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Thiepval Memorial, France Thiepval Memorial, France
First Name: Leonard Last Name: CRUTCHFIELD
Date of Death: 08/10/1916 Lived/Born In: Harlington
Rank: Pte Unit: London22
Memorial Site: Thiepval Memorial, France

Current Information:



The Battle of the Somme (July-November, 1916)

By the beginning of October, 1916,  the Battle of the Somme had been raging for three months. Thousands of men had already been killed or wounded or were simply missing, never to be seen again and and just a few square miles of the French countryside, all in the southern part of the battlefield, had been captured from the enemy. Mistakes had been made by the various commanders and would be continued to be made but there was no turning back as the British, Australians, South Africans, New Zealanders and Canadians carried on battering away at the German defences in the hope of a breakthrough, So it continued all the way through to November with nearly every battalion and division then in France being drawn into it at some stage. In the end the German trenches had been pushed back a few more miles along most of the line but the cost in lives had been staggering. By the end of the fighting in November, 1916, British Army casualties numbered over 400,000, killed, wounded and missing.

The Battle of Transloy Ridge

On 1st October, 1916, a new offensive was begun by the British Army. The Battle of Transloy Ridge was the last major operation fought during the battle of the Somme and it continued throughout the first three weeks of the month until the terrible conditions of rain, mud and cold coupled with the sheer exhaustion of the troops, brought things to a standstill. The aim had been to push the enemy further back to the next ridge of higher ground running between Le Transloy and Warlencourt. It was a very hard fight, progress was painfully slow, the casualty figure was shockingly high and the final objective was not achieved despite the best efforts of the attacking divisions. Three factors worked against its success. The first was the weather. It was simply awful. The second was the miles of war torn terrain which soon became a quagmire over which troops, guns, ammunition and all the other supplies had to cross to reach the front and keep the momentum of the offensive going. For the Germans, falling back on their own supply lines across relatively unscathed ground, this was not such a problem. The third factor was the new methods of defence employed by the enemy. They defended in depth without a well defined front line but instead setting up machine-gun nests in shell holes and other strategically important sites where just a few men could hold up an entire battalion. And of course, the German artillery had the whole area covered.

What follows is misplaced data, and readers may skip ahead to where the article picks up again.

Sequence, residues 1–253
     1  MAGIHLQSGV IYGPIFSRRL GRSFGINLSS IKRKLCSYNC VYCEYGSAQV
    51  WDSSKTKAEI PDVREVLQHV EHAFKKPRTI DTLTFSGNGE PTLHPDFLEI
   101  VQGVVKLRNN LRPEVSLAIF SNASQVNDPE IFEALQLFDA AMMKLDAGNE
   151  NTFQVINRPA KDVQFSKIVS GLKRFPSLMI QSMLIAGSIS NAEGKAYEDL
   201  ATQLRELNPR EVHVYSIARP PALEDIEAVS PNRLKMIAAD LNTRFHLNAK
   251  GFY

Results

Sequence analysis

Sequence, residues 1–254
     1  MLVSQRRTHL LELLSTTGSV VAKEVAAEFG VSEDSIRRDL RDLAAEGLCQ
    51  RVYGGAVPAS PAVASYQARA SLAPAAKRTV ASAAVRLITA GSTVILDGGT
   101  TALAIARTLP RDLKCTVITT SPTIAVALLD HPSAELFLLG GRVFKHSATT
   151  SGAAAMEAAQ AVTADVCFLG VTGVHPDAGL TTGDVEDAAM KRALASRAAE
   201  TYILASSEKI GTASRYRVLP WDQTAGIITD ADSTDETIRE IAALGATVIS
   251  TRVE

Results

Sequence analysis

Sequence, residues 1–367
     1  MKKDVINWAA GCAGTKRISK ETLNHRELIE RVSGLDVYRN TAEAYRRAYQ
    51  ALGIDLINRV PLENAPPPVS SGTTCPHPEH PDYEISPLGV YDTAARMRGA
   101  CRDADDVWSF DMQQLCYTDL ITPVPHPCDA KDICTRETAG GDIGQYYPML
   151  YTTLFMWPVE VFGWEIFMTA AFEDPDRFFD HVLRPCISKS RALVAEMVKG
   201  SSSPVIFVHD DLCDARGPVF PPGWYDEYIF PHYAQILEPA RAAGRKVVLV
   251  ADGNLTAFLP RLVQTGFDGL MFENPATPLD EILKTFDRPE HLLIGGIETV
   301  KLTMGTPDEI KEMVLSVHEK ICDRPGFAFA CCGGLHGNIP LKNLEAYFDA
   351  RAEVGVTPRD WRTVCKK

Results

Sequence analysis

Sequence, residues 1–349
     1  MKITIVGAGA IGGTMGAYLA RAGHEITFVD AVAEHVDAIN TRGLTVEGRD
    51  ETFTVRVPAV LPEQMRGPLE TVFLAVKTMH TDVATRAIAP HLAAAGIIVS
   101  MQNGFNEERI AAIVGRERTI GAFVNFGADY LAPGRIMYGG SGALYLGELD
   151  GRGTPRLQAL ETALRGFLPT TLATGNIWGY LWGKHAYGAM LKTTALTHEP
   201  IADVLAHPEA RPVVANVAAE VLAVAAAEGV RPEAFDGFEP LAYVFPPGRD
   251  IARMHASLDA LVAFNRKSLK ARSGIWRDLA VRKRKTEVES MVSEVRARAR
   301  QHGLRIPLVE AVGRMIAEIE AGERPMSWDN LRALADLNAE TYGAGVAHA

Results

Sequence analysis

On 7th October, 1916, the second stage of the offensive, which had been delayed by the bad weather, was launched and both London divisions, 56th Division and 47th Division were fully involved. 140 Brigade of 47th Division attacked from their positions just to the north of Eaucourt l’Abbaye towards the Butte de Warlencourt, an ancient burial mound near to the village of Le Sars but met such fierce machine-gun fire that they were unable to even reach their first objective, Snag Trench.

The 21st London and 22nd London battalions of 142 Brigade were in support for this failed operation but in light of the lack of progress made they were not called upon. Their turn to face the machine-guns came on the following day, 8th October. Overnight they moved up to relieve 140 Brigade in the Eaucourt l’Abbaye trenches for their attack at 9pm. At first the plan was to have no preliminary artillery barrage at all and perhaps it would have been best to have stuck to that because in the end it was the hastily arranged one minute creeping barrage that alerted the enemy that something was up and prompted them to pour machine-gun and rifle fire across no-man’s land into the ranks of the two London battalions as they advanced behind this artillery screen. On the right, 21st London were also hit by enfilade (flanking) fire and their progress came to a complete halt Those still able to dug in and formed an outpost line. 22nd London fared a little better and were able to occupy parts of their objective, Snag Trench but they were not however able to hold on to this and eventually fell back to their original lines and a few outposts. In the end very little had been achieved other than the deaths of scores of young men with many more wounded. One of those who lost his life was Leonard Crutchfield of 22nd London.

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